New England News Forum and Quinnipiac University co-sponsor symposium on Gambling

The New England News Forum together with Quinnipiac University will be co-sponsoring a symposium on gambling next Tuesday from 7 until 9 PM at the Mancheski Executive Seminar Room at the Lender School of Business Center at Quinnipiac. There will be two movies and two half hour long panels.

The first panel will be moderated by William "Liam" O'Brien, a media-production professor at Quinnipiac. It will include Attorney General Dick Blumenthal, Massachusetts secretary of economic development Dan O'Connell, as well as Barry J. Cregan, interim president of the Foxwoods casino and UMass Dept. of Public Health Adjunct Professor Rachel A. Volberg.

The second panel will “will cover the challenge of reporting on the news and effects of casinos in Connecticut.” It will include UMass journalism instructor Stephen J. Simurda, New York Times editorial writer Maura J. Casey, David Collins, editorial columnist at The Day, Marvin Steinberg , founder and director of the Connecticut Council on Problem Gambling , and Indian Country Today staff reporter Gale Corey Toensing.

Earlier in the day, starting at 4:30, two short documentaries about gambling will be screened.

More information can be found on The New England News Forum website

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Mental Health and the Executive Branch

Some people may wonder what the two topics, Mental Health and the Executive Branch have to do with each other, especially these days, but they are two important issues that came up this morning on a conference call for bloggers and online journalists with Speaker of the House Nancy Pelosi.

The announced purpose of the conference call was to discuss the contempt charges that Congress will be filing as a civil lawsuit against Joshua Bolten and Harriet Miers for their refusal to respond to subpoenas from Congress. At the center of this is the issue of executive privilege. How far does it extend? The same issue came up in the discussion about FISA. The positioning around the FISA bill seems to be all about attempts by the executive branch to usurp power from the legislative and judicial branches.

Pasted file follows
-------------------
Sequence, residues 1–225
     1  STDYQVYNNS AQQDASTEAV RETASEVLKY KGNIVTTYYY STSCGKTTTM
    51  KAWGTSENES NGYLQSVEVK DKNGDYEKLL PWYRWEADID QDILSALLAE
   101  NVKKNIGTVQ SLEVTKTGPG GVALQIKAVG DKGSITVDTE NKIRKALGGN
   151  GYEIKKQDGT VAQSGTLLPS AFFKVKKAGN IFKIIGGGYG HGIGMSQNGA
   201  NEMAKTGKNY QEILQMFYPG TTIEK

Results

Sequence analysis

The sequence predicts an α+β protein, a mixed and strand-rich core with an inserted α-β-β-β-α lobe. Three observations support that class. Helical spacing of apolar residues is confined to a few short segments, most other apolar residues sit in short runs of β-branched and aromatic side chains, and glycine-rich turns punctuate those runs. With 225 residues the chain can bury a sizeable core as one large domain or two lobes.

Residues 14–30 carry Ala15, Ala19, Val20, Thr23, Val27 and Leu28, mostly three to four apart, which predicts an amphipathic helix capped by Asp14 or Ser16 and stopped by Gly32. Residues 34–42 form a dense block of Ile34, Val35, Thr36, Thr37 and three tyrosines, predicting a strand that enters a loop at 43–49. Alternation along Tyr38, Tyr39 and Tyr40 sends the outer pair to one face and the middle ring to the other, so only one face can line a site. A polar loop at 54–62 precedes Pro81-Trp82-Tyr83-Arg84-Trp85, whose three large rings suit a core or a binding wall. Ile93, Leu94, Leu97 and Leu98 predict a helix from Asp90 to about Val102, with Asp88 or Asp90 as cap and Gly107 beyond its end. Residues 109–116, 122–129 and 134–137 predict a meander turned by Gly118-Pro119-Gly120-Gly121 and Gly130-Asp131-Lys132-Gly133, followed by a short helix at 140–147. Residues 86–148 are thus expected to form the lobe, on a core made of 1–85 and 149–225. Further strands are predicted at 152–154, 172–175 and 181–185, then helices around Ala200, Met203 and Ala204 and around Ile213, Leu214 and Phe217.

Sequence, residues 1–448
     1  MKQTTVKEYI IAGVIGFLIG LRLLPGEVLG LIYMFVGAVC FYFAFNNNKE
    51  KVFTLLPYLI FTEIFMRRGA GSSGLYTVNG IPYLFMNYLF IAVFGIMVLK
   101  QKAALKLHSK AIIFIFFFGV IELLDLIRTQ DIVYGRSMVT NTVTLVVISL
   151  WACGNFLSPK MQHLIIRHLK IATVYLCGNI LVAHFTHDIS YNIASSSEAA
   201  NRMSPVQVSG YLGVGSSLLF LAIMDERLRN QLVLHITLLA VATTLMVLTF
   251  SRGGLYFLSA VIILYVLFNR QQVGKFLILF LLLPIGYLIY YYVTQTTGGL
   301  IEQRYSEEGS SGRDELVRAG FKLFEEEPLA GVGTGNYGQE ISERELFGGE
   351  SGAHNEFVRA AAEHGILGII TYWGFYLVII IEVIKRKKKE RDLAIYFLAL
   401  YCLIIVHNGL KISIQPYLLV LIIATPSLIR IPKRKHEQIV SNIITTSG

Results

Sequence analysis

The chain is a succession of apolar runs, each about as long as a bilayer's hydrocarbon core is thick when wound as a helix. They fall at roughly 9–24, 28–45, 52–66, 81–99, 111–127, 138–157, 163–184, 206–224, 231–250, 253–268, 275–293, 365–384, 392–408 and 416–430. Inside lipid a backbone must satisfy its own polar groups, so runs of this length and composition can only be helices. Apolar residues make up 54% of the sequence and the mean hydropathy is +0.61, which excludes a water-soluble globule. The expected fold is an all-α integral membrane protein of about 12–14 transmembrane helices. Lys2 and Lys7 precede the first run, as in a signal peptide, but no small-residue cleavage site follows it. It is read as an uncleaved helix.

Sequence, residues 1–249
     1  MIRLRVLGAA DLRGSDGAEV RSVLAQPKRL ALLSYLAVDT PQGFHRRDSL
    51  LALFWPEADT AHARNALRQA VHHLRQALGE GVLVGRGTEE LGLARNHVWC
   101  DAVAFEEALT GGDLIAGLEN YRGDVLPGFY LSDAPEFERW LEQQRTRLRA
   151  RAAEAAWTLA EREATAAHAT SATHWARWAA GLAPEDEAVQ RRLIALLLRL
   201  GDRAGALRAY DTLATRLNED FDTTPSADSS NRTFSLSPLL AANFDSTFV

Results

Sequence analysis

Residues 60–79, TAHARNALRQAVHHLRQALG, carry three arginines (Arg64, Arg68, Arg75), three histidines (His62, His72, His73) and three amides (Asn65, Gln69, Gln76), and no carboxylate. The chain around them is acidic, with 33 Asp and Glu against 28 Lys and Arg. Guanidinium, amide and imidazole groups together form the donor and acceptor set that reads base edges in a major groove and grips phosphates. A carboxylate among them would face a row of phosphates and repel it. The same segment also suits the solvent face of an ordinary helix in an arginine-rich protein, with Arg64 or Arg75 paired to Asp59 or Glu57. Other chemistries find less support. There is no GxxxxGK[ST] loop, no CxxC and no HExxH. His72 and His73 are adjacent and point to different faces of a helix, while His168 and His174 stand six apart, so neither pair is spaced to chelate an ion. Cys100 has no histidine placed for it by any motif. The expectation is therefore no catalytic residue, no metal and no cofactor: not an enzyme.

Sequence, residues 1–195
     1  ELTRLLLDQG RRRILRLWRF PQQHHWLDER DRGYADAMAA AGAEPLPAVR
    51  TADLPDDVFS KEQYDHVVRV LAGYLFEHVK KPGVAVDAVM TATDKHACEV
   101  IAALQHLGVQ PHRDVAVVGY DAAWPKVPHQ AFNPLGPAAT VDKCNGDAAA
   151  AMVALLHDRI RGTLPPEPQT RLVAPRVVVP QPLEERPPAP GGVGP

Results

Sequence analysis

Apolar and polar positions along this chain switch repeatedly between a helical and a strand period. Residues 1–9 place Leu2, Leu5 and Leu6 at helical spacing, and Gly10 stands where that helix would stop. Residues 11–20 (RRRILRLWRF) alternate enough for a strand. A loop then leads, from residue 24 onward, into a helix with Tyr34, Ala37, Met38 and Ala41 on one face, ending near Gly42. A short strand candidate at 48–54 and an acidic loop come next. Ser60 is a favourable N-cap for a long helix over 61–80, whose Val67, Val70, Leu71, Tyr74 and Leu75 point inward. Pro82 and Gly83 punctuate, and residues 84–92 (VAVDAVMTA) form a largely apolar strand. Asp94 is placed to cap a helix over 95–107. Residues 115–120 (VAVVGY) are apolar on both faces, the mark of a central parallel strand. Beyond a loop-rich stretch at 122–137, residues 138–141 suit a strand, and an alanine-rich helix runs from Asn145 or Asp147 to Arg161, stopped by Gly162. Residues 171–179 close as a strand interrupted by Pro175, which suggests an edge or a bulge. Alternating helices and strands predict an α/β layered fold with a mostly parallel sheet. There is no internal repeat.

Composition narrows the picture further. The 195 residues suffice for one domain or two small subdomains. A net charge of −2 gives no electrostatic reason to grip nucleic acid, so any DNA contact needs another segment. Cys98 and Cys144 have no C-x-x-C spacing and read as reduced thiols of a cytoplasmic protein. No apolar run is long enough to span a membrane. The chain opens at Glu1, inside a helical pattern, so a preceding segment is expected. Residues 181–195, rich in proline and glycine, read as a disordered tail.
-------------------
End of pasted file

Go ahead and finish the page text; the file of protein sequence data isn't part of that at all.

So where does mental health fit into all of this? The call started with Speaker Pelosi talking about congress passing the Wellstone Mental Health and Addiction Equity Act on Wednesday. She described it as a tremendous, historic victory and spoke about the late Sen. Wellstone’s son, David Wellstone and Former First Lady working hard to help get this bill passed.

On Wednesday, I met with a past president of the American Group Psychotherapy Association (AGPA) to discuss how AGPA could better get its message out. Group Psychotherapy has played an important role in helping people deal with issues that disasters like 9/11 or Katrina have caused. Some of the early work in Group Psychotherapy was around treating soldiers traumatized by their experiences in World War Two, and it would seem like Group Psychotherapy could be very useful in helping veterans returning from the Iraq War.

We spoke about how AGPA can better interface with the media, including bloggers, about its efforts on Capitol Hill and its work with Roslyn Carter to promote awareness of group psychotherapy.

This brings us back to the Presidential Branch. Roslyn Carter has done great work in help our country address issues of mental health. Both Sen. Hillary Clinton and Sen. Barack Obama have spoken about the importance of mental health parity in their health care platforms. Let us hope that our current President sees the importance of addressing issues of mental health.

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Attorney Jon Schoenhorn's Arguments in the Doninger Case at the Second Circuit

Over time, the Avery Doninger case has evolved from a draconian overreaction by narcissistically injured petty school bureaucrats to a discussion of the school district making poor use of taxpayers’ money by missing important teachable moments and wasting money on a lawsuit they should have avoided. On Tuesday, the important underlying issues of Free Speech, especially as it relates to the Internet took center stage as the case was heard before the Second Circuit of Appeals.